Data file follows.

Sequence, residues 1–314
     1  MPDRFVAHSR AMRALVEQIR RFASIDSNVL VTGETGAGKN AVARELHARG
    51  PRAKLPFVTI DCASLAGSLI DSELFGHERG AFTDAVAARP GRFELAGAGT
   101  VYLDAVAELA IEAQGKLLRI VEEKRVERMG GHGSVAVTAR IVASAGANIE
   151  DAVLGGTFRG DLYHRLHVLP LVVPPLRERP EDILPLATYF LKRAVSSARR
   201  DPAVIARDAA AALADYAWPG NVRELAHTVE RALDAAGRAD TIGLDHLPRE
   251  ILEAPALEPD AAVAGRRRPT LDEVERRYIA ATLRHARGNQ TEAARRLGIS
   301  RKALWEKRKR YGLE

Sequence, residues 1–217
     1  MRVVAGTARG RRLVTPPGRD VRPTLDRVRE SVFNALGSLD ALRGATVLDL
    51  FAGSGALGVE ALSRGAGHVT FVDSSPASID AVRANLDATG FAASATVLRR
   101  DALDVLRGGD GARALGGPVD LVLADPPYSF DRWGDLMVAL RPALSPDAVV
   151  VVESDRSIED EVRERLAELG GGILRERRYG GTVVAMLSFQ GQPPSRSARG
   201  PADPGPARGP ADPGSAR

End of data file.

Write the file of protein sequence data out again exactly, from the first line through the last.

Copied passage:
Sequence, residues 1–314
     1  MPDRFVAHSR AMRALVEQIR RFASIDSNVL VTGETGAGKN AVARELHARG
    51  PRAKLPFVTI DCASLAGSLI DSELFGHERG AFTDAVAARP GRFELAGAGT
   101  VYLDAVAELA IEAQGKLLRI VEEKRVERMG GHGSVAVTAR IVASAGANIE
   151  DAVLGGTFRG DLYHRLHVLP LVVPPLRERP EDILPLATYF LKRAVSSARR
   201  DPAVIARDAA AALADYAWPG NVRELAHTVE RALDAAGRAD TIGLDHLPRE
   251  ILEAPALEPD AAVAGRRRPT LDEVERRYIA ATLRHARGNQ TEAARRLGIS
   301  RKALWEKRKR YGLE

Sequence, residues 1–217
     1  MRVVAGTARG RRLVTPPGRD VRPTLDRVRE SVFNALGSLD ALRGATVLDL
    51  FAGSGALGVE ALSRGAGHVT FVDSSPASID AVRANLDATG FAASATVLRR
   101  DALDVLRGGD GARALGGPVD LVLADPPYSF DRWGDLMVAL RPALSPDAVV
   151  VVESDRSIED EVRERLAELG GGILRERRYG GTVVAMLSFQ GQPPSRSARG
   201  PADPGPARGP ADPGSAR